Signed by 107 governments on January 27, 1967 in London, Moscow, and Washington D.C., the Outer Space Treaty sets forth the basic legal framework of international space law. It bars governments who have signed the treaty from placing weapons of mass destruction in Earth orbit, placing them on the Moon or any other celestial body, or anywhere in outer space.

The treaty exclusively limits the use of celestial bodies (other planets, asteroids, and moons), including Earth's Moon for peaceful purposes only. It is expressly prohibited to test weapons or install military bases or installations.

All governments who have signed the treaty explicitly agree to not lay claim to a celestial resource such as the Moon or a planet. The treaty states, outer space, including the Moon and other celestial bodies, is not subject to national appropriation by claim of sovereignty, by means of use or occupation, or by any other means.

More formally known as the Treaty on Principles Governing the Activities of States in the Exploration and Use of Outer Space,
including the Moon and Other Celestial Bodies

For those old enough to remember the first Moon landing, when Neil Armstron stepped onto the moon and planted a US flag, alarm bells rang around the world. Less than 60 years ago, when you planted a national flag you were claiming that territory for your homeland. Was the US establishing an American colony on the Moon?

Claiming new territory has always been more of a European than an American practice. The Spanish, Dutch, French, Portuguese, and English created enormous expansive colonial empires around the world, including in the Americas. The legal concept that planting a flag established ownership and sovereignty became accepted throughout Europe and later around the world.

However, prior to the first human Moon landing, the issue had already been settled. When the space race started, the United States realized that many people and nations around the world would strongly object to the United States claiming the Moon as a new colony and territory. It would raise new and important political issues in a time of great political turmoil. If the US claimed the moon, new international disputes would emerge that were harmful to everyone in the world.

In short, neither Neil Armstrong, nor NASA, nor the United States intended to claim the Moon when they first planted a US flag on July 16, 1969. The issue had already been settled more than 2 years prior. The Outer Space Treaty was created in 1967 and later ratified by all space-faring nations. The superpowers of the era (the United States and the Soviet Union) both agreed that colonization on Earth in centuries past was directly responsible for enormous human suffering, armed conflict, and war. The two superpowers were determined to not repeat the past mistakes of Europe. The space race would not result in a land grab.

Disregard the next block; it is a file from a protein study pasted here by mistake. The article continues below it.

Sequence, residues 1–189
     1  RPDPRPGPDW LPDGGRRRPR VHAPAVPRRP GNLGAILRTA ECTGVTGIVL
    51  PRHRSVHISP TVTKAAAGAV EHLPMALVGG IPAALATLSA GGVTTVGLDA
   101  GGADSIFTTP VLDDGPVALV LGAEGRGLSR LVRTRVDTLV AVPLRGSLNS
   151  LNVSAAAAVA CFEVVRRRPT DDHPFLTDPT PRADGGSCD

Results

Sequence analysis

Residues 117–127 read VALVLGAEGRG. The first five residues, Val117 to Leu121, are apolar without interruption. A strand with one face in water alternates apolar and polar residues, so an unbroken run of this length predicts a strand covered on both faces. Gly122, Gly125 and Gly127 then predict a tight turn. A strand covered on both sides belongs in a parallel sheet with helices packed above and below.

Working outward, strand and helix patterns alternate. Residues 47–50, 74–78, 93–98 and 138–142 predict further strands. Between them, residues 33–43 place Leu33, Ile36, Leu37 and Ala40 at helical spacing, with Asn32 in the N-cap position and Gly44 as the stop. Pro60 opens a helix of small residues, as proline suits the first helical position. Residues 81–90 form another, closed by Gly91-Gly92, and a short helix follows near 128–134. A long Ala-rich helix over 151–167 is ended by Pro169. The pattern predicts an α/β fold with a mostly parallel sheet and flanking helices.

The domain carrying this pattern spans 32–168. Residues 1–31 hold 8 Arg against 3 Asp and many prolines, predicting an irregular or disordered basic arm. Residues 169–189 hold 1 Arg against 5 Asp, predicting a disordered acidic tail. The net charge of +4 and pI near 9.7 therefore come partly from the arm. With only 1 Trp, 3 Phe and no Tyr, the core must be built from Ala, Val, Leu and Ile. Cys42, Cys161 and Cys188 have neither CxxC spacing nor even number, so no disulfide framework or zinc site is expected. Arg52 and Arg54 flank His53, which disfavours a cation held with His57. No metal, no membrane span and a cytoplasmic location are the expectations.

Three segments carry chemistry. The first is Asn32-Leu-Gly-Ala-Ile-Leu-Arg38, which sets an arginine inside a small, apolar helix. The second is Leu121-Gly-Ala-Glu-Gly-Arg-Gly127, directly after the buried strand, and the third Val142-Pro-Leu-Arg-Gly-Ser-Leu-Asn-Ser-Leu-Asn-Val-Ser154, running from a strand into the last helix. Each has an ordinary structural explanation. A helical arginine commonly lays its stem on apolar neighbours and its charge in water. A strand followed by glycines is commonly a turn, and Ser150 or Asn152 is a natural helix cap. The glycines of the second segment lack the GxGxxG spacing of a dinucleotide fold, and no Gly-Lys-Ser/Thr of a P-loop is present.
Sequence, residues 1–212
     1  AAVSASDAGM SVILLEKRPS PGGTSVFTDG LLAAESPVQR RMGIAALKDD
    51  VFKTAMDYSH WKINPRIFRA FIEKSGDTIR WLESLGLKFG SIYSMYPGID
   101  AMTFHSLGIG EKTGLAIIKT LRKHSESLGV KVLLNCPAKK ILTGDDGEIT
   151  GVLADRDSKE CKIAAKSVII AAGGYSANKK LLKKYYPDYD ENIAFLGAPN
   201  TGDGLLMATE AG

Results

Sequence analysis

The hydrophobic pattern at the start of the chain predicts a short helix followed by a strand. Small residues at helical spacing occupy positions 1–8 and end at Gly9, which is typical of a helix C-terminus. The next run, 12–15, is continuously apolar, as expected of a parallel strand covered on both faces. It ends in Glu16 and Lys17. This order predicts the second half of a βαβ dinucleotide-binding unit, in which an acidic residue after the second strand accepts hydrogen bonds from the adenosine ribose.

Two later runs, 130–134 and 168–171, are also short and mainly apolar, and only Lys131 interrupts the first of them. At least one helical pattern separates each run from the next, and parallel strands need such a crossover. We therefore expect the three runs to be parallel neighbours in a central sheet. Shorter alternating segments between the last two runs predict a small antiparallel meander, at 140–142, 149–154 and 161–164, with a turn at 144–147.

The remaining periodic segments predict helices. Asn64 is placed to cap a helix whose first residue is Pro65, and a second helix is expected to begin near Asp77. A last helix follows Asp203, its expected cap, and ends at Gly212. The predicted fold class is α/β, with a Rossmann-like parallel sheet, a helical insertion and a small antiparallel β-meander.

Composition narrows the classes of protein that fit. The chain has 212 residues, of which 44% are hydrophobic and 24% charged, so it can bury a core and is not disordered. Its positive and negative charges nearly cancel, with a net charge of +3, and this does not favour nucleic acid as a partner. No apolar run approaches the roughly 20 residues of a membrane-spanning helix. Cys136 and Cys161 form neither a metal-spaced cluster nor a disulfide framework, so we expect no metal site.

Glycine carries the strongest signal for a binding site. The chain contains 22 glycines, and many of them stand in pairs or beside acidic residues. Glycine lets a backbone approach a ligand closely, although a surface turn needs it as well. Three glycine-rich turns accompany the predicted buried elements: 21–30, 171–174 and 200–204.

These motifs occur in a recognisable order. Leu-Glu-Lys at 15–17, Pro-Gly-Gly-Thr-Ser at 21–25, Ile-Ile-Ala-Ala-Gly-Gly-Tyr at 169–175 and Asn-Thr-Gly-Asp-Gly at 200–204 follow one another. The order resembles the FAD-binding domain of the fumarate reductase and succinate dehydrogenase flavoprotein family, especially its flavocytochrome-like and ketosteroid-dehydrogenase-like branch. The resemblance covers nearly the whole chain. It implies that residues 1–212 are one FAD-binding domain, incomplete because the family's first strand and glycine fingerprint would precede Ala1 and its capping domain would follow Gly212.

So why did Neil Amstrong plant that flag? It was to honor America and its taxpayer who funded the extremely expensive project. It was also to claim victory over the Soviet Union in the space race. The Soviet Union may have beat the US by launching the first satellite into Earth orbit (Sputnik) and by putting the first man into space (Yuri Gagarin), but the United States was the first nation to put a man on the Moon.

The mission also provided substantial scientific benefit. The United States and NASA had previously committed to sharing their scientific gains with the world. The moon rocks and soil samples that were brought back were shared with all nations to study and examine. Even though the two superpowers were in the middle of the Cold War, Soviet scientists were allowed to study lunar samples the United States brought back.

Asteroid Mining

Asteroids are other celestial bodies and covered under the Outer Space Treaty. But what about private firms (not governments) that are now developing plans to mine asteroids for rare minerals and elements?

The Outer Space Treaty addresses establishing military bases, colonies, or claiming territory. It does not address exploiting outer space natural resources for commercial gain. This is a big debate that is currently ongoing in the international community, and there is no end in sight. Currently there are 2 major positions that are jockeying for supremacy on the world political stage.

Arkyd-6 launched by Planetary Resources
The United States and most members of the European Union hold the position that the Moon, asteroids, and other celestial bodies are global commons. This means each country should be allowed to let its private entrepreneurs (each licensed and monitored by their respective governments) go out into space and mine and extract what they can. It's very similar to current international ocean law, in regard to oil drilling or commercial fishing. A country cannot own the high seas, but a country can bring back fish or other natural resources they obtain out there.

Other countries, including Russia, Belgium, and Brazil hold the position that celestial bodies belong to humanity as a whole. Any benefits derived from commercial endeavors should go to humanity as a whole. Sounds a bit like communism, doesn't it?

How it all shakes out in the end is hard to foresee right now. But this is a major issue that will have to be addressed soon. Planetary Resources (a US-based company) launched a robotic miner into orbit (Arkyd-6) on January 25, 2018. The company is hoping to redirect the satellite to a near Earth asteroid by 2020. This miner is only looking for water (to be used as a space-based propellant in future missions), but it won't be long before missions looking to mine minerals and rare elements are underway.